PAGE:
It is a city church, so there’s a touch of diversity, but it was founded by middle-upper-class white people and the pews are still mostly filled with middle-upper-class white people. The men wear suits and ties and the women dresses, skirts or dress pants, hair and makeup touched up for Sunday. For the most part the kids are dressed in “Sunday Best” – perhaps not what it was years ago when I had to pull on tights and a dress but many little girls still wear dresses, and boys their better shirts and pants. Now and then a man will come in wearing jeans. I’ve never noticed a woman wear jeans to Sunday service, though.

I wore jeans to the Mother’s Day service, as I don’t have any dress pants at all right now. I wore my best jeans with my men’s brown leather chukkas (polished that morning) and a new lovely cotton/linen white and blue button-down under a black jacket. My hair, in an awkward stage of growing out, has no style to speak of, male or female, and I honestly don’t even know what makeup is. I saw no other women who looked like me in the pews on Sunday.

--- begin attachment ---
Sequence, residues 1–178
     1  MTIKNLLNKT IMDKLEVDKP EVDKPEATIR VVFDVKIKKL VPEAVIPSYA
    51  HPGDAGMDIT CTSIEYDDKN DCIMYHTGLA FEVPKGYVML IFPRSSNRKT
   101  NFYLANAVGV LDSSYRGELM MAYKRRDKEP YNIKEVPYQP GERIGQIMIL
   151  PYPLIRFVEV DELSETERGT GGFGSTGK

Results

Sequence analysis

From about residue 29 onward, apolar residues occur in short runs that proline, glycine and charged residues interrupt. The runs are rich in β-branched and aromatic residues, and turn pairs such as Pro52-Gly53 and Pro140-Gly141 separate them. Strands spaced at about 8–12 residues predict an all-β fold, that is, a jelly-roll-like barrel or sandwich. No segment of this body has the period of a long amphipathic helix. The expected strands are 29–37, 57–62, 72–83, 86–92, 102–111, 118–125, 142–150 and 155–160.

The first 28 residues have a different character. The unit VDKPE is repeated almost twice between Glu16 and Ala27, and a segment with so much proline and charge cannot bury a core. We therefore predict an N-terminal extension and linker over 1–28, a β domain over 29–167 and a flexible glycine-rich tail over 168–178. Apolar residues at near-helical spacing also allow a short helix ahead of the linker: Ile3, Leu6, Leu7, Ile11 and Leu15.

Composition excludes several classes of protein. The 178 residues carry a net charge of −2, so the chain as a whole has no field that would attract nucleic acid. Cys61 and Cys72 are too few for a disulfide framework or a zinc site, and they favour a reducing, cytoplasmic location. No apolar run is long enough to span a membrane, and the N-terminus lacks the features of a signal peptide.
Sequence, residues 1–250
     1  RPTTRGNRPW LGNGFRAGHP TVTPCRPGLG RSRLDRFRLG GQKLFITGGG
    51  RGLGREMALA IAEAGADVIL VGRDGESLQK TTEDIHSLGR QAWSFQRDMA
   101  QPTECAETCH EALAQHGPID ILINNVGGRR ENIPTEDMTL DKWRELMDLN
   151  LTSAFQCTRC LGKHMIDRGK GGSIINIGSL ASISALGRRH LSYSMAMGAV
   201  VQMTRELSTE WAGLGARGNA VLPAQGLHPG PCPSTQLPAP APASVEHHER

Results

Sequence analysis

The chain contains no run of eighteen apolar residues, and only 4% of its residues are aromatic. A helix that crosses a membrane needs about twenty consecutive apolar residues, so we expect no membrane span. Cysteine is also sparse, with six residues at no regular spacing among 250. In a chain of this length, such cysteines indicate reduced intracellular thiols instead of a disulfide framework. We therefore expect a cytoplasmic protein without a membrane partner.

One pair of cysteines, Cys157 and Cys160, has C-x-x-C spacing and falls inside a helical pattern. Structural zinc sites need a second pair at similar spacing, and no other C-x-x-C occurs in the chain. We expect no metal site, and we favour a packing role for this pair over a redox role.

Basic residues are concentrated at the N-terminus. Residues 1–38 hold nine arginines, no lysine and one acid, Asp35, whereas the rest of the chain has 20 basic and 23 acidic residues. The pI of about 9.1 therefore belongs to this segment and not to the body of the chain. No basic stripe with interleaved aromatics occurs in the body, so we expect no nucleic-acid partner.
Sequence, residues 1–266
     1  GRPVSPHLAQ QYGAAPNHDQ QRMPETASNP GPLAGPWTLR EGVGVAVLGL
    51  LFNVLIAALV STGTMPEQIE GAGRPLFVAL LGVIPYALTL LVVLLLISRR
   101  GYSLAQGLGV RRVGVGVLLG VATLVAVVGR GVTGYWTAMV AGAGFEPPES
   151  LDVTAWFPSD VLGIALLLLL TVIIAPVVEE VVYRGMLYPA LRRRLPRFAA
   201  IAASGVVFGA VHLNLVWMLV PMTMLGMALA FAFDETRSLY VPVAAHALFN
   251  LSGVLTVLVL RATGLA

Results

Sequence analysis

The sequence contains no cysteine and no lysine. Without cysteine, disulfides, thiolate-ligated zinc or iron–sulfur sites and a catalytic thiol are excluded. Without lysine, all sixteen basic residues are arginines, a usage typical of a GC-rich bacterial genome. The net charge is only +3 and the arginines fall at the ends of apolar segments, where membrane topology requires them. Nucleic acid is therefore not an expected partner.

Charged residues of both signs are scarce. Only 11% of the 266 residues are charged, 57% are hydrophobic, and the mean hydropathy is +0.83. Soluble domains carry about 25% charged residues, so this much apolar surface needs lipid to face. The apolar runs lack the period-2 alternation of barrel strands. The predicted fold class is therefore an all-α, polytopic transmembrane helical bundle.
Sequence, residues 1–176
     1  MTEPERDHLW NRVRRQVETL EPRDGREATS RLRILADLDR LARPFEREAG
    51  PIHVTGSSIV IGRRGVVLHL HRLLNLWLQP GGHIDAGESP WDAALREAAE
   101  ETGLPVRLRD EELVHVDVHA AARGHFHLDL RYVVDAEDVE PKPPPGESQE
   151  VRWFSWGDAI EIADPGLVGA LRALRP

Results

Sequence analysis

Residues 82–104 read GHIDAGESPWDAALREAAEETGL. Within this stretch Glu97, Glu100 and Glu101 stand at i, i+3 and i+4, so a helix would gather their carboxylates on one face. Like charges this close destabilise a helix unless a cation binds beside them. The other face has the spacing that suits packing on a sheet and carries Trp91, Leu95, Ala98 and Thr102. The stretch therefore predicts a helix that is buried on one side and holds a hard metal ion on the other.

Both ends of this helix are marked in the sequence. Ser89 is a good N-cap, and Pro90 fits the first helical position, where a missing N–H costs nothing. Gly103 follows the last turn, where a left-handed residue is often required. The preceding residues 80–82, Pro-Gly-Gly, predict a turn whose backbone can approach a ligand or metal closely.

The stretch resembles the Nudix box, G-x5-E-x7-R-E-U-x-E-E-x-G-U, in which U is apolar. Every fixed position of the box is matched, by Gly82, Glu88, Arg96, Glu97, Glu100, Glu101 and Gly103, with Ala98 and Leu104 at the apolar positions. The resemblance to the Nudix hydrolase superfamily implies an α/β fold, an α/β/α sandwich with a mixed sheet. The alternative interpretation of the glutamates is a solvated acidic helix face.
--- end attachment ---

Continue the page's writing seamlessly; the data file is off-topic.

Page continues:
There was a young teen girl, however, in the pew in front of me, who came in wearing jeans and a plaid shirt and purple Chucks Taylor’s. Her wavy, natural brown hair was held back by a folded kerchief. She sat very close to her mom. I wondered if she similarly felt out of place, and if it meant anything to see me, if she did.